I’m often in my head. Whether I’m working, talking to someone, or having my lunch, I’m always occupied with those thoughts that get me worried about everything in my life. “Oh, what if I don’t manage to meet deadlines at work?” “What if the world really comes to an end?” “What if my friends move on with their lives, while I remain in the same place forever?”
But there’s one simple activity that helps me get out of my head. I’d take out my pen and paper or my thought record, and literally just note down all the thoughts inside my head. Generally, in a CBT therapy session, the therapist would usually check-in with his/her patients’ thought record, even before the session has actually started. This is because it’s not always possible for the patients to track all those thoughts that keep them from moving forward, resolving conflicts, and making effective decisions.
Moreover, not every thought is rational. Spending $100 on clothes that I won’t wear anytime soon is not very rational. Yelling back at my boss, just because I was having negative thoughts that day, isn’t very rational either. If you keep track, you’d notice we do so many things that don’t really make sense. But we do it because it’s reliving or rewarding in the moment.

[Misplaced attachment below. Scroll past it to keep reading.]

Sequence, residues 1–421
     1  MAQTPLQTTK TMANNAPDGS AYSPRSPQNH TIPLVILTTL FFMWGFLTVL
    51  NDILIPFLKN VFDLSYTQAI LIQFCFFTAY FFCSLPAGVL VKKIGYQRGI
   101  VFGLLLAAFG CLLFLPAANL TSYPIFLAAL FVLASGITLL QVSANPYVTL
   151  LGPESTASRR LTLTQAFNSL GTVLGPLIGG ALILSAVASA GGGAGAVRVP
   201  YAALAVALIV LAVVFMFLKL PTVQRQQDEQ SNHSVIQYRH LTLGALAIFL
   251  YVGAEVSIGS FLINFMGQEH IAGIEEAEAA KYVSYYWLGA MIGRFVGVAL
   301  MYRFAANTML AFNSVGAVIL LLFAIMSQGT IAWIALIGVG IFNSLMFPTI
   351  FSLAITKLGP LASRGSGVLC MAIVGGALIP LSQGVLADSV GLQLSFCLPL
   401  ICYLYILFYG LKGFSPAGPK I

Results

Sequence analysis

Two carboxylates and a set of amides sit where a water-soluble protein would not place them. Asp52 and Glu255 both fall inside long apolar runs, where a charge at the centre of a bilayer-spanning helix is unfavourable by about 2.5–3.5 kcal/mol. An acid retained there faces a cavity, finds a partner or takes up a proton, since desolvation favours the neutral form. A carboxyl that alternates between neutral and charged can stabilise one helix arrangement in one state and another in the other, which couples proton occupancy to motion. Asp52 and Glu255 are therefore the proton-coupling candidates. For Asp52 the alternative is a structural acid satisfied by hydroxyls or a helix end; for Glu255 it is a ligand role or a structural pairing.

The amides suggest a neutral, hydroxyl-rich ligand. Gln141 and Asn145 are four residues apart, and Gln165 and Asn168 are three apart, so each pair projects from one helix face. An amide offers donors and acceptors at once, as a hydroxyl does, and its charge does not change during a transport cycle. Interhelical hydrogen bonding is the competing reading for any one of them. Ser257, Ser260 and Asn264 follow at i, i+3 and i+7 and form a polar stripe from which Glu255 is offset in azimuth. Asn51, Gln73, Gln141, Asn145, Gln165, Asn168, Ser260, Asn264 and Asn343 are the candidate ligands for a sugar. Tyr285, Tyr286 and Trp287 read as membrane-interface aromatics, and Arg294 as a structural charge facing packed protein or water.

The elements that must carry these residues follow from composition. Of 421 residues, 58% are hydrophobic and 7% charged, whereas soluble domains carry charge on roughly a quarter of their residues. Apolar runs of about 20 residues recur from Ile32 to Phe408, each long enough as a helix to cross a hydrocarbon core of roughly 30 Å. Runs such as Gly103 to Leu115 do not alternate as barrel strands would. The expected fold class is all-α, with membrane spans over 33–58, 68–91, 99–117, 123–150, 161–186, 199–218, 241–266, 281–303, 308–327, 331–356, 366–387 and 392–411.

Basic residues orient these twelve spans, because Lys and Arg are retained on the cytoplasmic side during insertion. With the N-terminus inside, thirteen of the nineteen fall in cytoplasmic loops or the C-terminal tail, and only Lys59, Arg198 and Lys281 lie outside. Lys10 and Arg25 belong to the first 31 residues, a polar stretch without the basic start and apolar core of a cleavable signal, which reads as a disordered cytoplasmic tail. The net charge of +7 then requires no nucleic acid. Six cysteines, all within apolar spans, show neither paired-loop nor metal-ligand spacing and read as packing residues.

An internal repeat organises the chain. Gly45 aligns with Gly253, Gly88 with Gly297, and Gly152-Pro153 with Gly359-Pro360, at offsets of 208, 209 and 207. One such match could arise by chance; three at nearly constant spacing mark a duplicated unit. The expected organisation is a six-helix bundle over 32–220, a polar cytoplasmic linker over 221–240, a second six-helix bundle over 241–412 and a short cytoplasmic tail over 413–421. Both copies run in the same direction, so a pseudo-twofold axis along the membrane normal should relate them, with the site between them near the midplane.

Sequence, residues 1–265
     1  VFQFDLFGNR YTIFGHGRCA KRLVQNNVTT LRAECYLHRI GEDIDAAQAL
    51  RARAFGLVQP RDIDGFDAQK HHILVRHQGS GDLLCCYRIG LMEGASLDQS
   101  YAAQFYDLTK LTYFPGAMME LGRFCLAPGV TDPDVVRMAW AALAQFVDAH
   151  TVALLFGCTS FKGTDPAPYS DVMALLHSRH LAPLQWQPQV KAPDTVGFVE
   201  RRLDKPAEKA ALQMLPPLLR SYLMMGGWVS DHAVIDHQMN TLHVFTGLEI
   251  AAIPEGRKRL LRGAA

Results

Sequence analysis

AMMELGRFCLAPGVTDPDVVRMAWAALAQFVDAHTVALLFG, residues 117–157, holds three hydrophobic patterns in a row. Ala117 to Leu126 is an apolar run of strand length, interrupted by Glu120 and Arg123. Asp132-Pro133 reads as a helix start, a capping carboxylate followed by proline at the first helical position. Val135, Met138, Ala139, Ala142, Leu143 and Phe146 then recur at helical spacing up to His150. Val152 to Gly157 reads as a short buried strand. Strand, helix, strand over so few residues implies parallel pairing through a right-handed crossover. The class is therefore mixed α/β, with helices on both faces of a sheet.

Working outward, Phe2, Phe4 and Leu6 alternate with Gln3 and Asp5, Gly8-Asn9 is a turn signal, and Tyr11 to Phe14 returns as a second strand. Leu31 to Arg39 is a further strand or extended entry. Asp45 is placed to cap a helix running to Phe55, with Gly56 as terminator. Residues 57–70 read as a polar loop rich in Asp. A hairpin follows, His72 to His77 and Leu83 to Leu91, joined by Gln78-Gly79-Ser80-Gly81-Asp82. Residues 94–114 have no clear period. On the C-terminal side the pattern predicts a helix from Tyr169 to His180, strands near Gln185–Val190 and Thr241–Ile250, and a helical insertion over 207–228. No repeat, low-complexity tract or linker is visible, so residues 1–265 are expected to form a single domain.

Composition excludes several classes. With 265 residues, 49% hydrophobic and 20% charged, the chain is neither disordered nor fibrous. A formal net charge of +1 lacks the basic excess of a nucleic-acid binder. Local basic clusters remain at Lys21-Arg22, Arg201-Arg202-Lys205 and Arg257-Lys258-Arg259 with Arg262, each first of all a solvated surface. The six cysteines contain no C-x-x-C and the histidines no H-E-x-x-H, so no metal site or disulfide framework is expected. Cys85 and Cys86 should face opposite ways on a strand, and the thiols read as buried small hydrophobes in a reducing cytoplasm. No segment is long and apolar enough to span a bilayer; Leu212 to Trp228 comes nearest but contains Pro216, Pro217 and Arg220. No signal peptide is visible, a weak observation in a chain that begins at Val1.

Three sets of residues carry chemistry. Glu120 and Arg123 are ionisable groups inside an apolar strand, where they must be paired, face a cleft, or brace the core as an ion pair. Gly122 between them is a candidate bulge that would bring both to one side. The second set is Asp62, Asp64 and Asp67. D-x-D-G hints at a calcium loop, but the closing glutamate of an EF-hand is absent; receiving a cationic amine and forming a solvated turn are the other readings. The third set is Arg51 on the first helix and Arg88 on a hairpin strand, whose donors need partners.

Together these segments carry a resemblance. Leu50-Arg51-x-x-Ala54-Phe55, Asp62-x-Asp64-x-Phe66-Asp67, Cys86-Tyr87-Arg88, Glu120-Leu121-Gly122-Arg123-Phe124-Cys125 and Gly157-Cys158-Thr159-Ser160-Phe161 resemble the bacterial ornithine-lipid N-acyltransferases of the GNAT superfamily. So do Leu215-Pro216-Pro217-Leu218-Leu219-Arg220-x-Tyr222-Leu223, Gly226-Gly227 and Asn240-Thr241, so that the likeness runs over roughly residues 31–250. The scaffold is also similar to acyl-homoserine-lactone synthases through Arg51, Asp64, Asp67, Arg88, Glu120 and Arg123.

How to Use the Thought Record Worksheet?
Just like we do with our finances, this simple go-to worksheet helps you keep track of your thoughts, without having to replace, eliminate, or judge it. Try to record as many thoughts as you can. Come back later and reflect on the type or frequency of thoughts that kept your mind occupied.
The table’s category section is useful to segregate thoughts from various aspects of life, e.g. work, family, and so on. Further, label each of your thoughts in the feedback section like “hot thoughts” “mean thoughts” “self-blame thoughts” or “get back later to” as per your willingness. Once you’re aware of the category and label that your thoughts hold, you’d be able to process them rationally, seek clarity on your thinking patterns, and make appropriate decisions.
Because You Deserve To Be Gentle With Yourself
Sally George is a Psychologist & the Editor of Gentle Meanings. She shares thought-provoking tools, asks insightful questions, and encourages her readers to be gentle with themselves.